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PAHO launches new collaborative platform to produce COVID-19 vaccines in Latin America and the Caribbean

WASHINGTON, USA, (PAHO) – The Pan American Health Organization (PAHO) has launched a new platform aimed at easing the severe shortage of COVID-19 vaccines in Latin America and the Caribbean by producing them within the region.

During a recent virtual meeting, PAHO Director Carissa F. Etienne announced the launch of the regional platform to advance the manufacturing of COVID-19 vaccines and other health technologies in the Americas.” She described it as an initiative that will “coordinate across sectors – health, science and technology and industry – to strengthen their capacity to produce new technologies.”

Explaining the need for the platform, Dr Etienne said: “Limited (global) production and unequal distribution of vaccines in the face of staggering demand hinder our COVID response. Mass vaccination is critical if we are to stem the tide of this pandemic and hinder the spread of further variants.”

So far, only about 23 percent of people in the region have been fully vaccinated, and in many countries, coverage is much lower.

The platform will support collaboration across countries and cooperation agencies, applying existing regional biomanufacturing capacity to production of COVID-19 vaccines as well as other medical technologies. The principle is that manufacture should benefit the entire region, with regional pharmaceutical production and distribution of the vaccines by PAHO’s Revolving Fund to all countries.

During the recent virtual meeting, Dr Etienne extended an invitation to public and private manufacturers, asking them to submit expressions of interest in producing the reagents or starting materials for production of an mRNA vaccine, the technology used in highly effective COVID-19 vaccines.

Other speakers at the meeting which included leaders of international financial institutions, governments, and public health agencies raised numerous aspects of regional medical technologies production.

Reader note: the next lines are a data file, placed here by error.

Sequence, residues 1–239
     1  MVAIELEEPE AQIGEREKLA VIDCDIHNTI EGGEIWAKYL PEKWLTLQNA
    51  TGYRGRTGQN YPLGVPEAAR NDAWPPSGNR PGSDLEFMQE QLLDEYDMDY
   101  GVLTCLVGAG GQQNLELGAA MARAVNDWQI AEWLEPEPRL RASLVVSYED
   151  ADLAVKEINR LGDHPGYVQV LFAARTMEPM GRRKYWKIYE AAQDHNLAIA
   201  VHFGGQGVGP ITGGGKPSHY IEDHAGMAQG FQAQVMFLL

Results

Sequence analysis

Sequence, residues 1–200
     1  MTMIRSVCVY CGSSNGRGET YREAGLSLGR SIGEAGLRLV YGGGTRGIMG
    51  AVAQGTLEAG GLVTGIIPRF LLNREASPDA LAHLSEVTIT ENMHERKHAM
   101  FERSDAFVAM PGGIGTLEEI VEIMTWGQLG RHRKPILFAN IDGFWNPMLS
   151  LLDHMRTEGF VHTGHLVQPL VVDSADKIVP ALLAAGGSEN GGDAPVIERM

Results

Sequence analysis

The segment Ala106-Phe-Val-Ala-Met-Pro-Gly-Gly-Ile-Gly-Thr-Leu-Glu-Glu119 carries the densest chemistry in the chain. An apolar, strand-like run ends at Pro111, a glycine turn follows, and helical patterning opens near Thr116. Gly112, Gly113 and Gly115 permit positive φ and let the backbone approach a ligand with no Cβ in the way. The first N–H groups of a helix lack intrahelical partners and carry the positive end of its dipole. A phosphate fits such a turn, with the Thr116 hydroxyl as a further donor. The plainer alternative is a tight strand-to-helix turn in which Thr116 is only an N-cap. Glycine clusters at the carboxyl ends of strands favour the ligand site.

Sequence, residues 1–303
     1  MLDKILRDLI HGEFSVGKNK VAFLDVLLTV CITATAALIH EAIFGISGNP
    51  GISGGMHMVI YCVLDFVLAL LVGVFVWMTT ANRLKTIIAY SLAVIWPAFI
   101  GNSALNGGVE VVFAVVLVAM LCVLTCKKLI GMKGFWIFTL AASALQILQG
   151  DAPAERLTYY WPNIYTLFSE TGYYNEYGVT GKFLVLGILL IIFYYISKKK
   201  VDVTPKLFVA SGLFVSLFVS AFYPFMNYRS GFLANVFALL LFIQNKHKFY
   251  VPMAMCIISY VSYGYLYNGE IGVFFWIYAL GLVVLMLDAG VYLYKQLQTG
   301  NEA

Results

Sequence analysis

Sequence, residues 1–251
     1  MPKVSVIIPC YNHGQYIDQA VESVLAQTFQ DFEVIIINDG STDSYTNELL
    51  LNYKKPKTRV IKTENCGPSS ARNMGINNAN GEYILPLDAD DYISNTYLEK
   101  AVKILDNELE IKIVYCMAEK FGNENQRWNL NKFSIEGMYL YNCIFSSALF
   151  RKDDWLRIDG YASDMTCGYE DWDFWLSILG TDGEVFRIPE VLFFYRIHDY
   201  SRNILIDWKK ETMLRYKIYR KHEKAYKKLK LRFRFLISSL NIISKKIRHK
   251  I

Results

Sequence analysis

Costa Rican minister of health daniel Salas Peraza stressed urgency, saying: “This pandemic is something that can recur in the future. It can be repeated. We need to build the necessary platforms now that will allow us to pull through in a more fast and effective manner.”

Anabel González, Deputy Director-General of the World Trade Organization (WTO) highlighted the contribution that regional production of vaccines could make. “Without urgent action to boost the supply of COVID-19 vaccines, the world will not be able to bring the pandemic under control. She said that “regional diversification of production” could play an important role in increasing supply.

Richard Hatchett, chief executive officer of the Coalition for Epidemic Preparedness Innovations (CEPI), drew attention to three areas necessary to increase regional vaccine manufacturing – secure capital investment, technology transfer and bolstering of regulatory capacity.

William Savedoff, principal health specialist – social protection and health division of the Inter-American Development Bank, emphasized the importance of regional cooperation that includes defining clear goals, “equitable distribution of obligations and benefits,” incentives that discourage “go-it-alone strategies,” and strong leadership from countries. “The IDB is completely, 100 percent behind these regional efforts,” he said.

Wrapping up the session, Dr Etienne focused on the need to “build the infrastructure and technical capacity to break the cycle of dependency on a highly concentrated global vaccine market” as well as “concrete initiatives” to bring mRNA technology to Latin America and the Caribbean.

“But most of all, we have noted the need for coordination, collaboration, investment, and solidarity. We believe [they] will be the essential ingredients for the development and production of new medical technologies in Latin America and the Caribbean.

The invitation and launch follow an earlier invitation to public and private manufacturers interested in the transfer of mRNA technology into Latin America and the Caribbean, which is being facilitated by both PAHO and the World Health Organization (WHO). In response to the invitation for interest, 30 proposals were submitted. PAHO is amid the process of reviewing them, and decisions are expected in September.

Other participants at the meeting included Andrés Couve, Chile’s minister of science, technology, knowledge, and innovation; María Apólito, Argentina’s uUndersecretary for the knowledge economy; Nísia Trindade Lima, president of Brazil’s Oswaldo Cruz Foundation; Soumya Swaminathan, chief scientist for WHO; and Alberto Arenas, chief of the social development division of the economic commission for Latin America and the Caribbean.



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